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Old Span in Keys Is a Bridge Too Far for Cuban Refugees

The Coast Guard sparks an outcry when it sends them back. Critics seek a new U.S. policy, calling the decision inhumane.

January 15, 2006|John-Thor Dahlburg | Times Staff Writer

MIAMI — Within sight of the Florida Keys, the Cubans' homemade boat had sprung a bad leak and was in danger of sinking. So its 15 passengers, who risked their lives crossing the Florida Straits, could make it no farther than an old and abandoned bridge.

Had they reached the United States? The refugees, who clustered on the bridge's concrete pilings between Marathon and Little Duck Key early on the morning of Jan. 5, may have believed so. But the Coast Guard, which rescued the Cubans, ruled they hadn't -- the section of the Old Seven Mile Bridge where the refugees disembarked was no longer connected to land.

After consulting with government legal specialists, the Coast Guard on Monday sent the Cubans back to Cuba.

It is a case that has angered members of Florida's Cuban American community and led to demands from elected officials that the Bush administration change what is commonly known as the "wet-foot, dry-foot" policy for dealing with Cuban migrants.

The policy, in effect since 1995, generally mandates that Cubans fleeing the regime of Fidel Castro who are interdicted at sea will be returned home, while those who make it to U.S. soil will be allowed to stay.

But what happened to the recent boatload of Cubans, said some Cuban American leaders, was inhumane legal hairsplitting that condemned a group of would-be immigrants to life under a communist dictatorship.

"Because they reached an old bridge and not a new bridge, there's a judgment they didn't reach American soil?" Sen. Mel Martinez (R-Fla.) questioned in a statement. "The semantics used to return these men and women -- who have risked so much to reach freedom and are now returned to an uncertain future -- are an embarrassment."

Three Cuban American lawmakers from South Florida sent a letter to the State Department and Department of Homeland Security asking for a new policy so that all Cuban migrants, including those at sea, would be granted access to a lawyer before a ruling was made on whether to allow them entry into the United States.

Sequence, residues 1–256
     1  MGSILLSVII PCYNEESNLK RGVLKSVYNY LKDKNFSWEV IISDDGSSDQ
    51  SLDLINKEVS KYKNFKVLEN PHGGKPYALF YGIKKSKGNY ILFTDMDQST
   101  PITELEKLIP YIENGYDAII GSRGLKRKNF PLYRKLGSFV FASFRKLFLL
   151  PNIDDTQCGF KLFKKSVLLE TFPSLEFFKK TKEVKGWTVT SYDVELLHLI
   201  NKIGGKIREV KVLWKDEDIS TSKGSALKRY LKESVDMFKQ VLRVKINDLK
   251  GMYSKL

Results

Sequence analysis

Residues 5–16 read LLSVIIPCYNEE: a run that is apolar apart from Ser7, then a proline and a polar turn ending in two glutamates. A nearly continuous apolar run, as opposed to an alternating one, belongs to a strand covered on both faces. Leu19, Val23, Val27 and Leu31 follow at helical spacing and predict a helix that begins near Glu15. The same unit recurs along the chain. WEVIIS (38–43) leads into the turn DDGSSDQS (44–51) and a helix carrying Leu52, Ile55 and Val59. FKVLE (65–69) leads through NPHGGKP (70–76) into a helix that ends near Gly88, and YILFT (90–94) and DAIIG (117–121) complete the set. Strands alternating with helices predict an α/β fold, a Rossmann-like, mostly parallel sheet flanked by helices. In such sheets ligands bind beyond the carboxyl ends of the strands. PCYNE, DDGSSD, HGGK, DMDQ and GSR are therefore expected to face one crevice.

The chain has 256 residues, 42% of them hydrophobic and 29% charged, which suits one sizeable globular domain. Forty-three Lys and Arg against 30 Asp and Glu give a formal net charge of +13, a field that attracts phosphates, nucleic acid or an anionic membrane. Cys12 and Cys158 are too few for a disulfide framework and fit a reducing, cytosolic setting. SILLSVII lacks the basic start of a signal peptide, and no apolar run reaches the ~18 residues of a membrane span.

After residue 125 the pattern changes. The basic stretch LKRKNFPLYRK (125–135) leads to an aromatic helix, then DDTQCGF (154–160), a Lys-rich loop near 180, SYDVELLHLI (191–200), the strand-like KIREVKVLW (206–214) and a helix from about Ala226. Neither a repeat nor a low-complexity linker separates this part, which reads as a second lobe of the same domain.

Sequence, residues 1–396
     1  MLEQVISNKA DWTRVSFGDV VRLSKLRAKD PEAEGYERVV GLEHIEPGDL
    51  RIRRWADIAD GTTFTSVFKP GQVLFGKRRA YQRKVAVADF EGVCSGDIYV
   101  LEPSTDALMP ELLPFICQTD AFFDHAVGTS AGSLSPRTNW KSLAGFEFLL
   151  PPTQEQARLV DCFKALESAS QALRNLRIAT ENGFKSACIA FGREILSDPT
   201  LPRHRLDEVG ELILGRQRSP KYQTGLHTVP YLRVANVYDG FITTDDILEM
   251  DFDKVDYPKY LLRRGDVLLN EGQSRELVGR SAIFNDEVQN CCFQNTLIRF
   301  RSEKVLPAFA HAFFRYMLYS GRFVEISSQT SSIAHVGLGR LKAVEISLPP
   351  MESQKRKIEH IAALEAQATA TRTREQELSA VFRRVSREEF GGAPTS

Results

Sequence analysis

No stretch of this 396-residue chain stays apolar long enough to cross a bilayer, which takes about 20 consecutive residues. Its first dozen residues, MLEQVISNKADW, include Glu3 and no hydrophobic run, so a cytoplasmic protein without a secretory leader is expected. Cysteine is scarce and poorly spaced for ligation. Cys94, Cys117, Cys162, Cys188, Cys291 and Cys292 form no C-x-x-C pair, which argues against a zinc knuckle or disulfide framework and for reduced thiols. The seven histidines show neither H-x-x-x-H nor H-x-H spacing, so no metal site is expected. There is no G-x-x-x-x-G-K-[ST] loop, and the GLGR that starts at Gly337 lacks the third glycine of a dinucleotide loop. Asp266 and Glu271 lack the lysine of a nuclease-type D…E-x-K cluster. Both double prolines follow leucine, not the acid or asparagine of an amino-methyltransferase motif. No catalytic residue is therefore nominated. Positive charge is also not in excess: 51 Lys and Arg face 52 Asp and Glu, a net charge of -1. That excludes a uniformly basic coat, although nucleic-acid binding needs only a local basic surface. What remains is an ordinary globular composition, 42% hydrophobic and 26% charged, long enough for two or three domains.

"We have witnessed a record number of human trafficking cases from Cuba, a dramatic increase of Cuban nationals attempting to flee the island, an extraordinary amount of refugees repatriated without regard for the merits of their asylum petitions, and basically, an overall process that constitutes an embarrassment to the United States," Reps. Lincoln Diaz-Balart, Mario Diaz-Balart and Ileana Ros-Lehtinen, all Republicans, wrote in the letter.

Two days after the nine men, four women and two children were sent back to Cuba, two Bush administration officials -- Stephen McFarland, director of the State Department's Office on Cuban Affairs, and Cuba Transmission Coordinator Caleb McCarry -- heard demands for a change in the immigration policy at a lunch with Cuban American community leaders.

In the view of the legal specialists consulted by the Coast Guard, the abandoned bridge section did not meet the definition of "dry-foot" because the Cubans couldn't have walked from there to U.S. soil, said Angela McArdle, a spokeswoman at Coast Guard headquarters in Washington.

"For purposes of comparison, it's the same as if it were a buoy anchored to the bottom of the sea, or a vessel anchored at sea," McArdle said. "Part of what's tricky is that there's always going to be a border, always a line. And according to our policy, migrants have to reach shore or be taken ashore on dry land. This was not the case."

The spokeswoman declined to speak about the specifics of the case because relatives of the Cubans sued Homeland Security Secretary Michael Chertoff to permit their entry. But, she said, the Coast Guard had done nothing more than apply the law as interpreted by its legal experts in Washington.

"The Coast Guard doesn't set immigration policy," McArdle said. "We enforce it."

The Old Seven Mile Bridge was built from 1909 to 1912 over a channel between the Florida Straits and Gulf of Mexico, and was originally a railroad bridge before being converted for use on the Overseas Highway, the stretch of U.S. 1 that links the Florida Keys with the mainland.

The old bridge, which was used as a set for scenes in the 1994 action movie "True Lies," was replaced by a parallel span in the 1980s. A swing span on the old bridge that permitted the passage of boats was dismantled, effectively cutting a section off from land, said Dennis Fernandez, assistant district structures and facilities engineer with the Florida Department of Transportation. That was where the Cubans landed.

The new Seven Mile Bridge, which does connect to land on both ends, is 400 feet away, but it would be difficult for people arriving on a boat to find a place to climb onto it, Fernandez said.

At the Freedom Tower, a Miami landmark where many Cuban exiles were processed after Fidel Castro took power in 1959, Cuban American activist Ramon Saul Sanchez is on a hunger strike. Speaking by cellphone Friday afternoon, Sanchez said he was in the seventh day of his fast in an effort to pressure the Bush administration to review the "wet foot-dry foot" policy. Sanchez is president of the Democracy Movement, an anti-Castro group.

"Many, many people are coming by here to express their support, not only Cubans, but also Americans, people of all nationalities," Sanchez said.

"Because it doesn't make any sense for the U.S. to take the position that to deny people's rights, they are willing to detach a piece of the country."

Miami Mayor Manny Diaz said it was time to replace a system of immigration he called "nothing more than the lucky outcome of a race" to reach U.S. territory before being caught.

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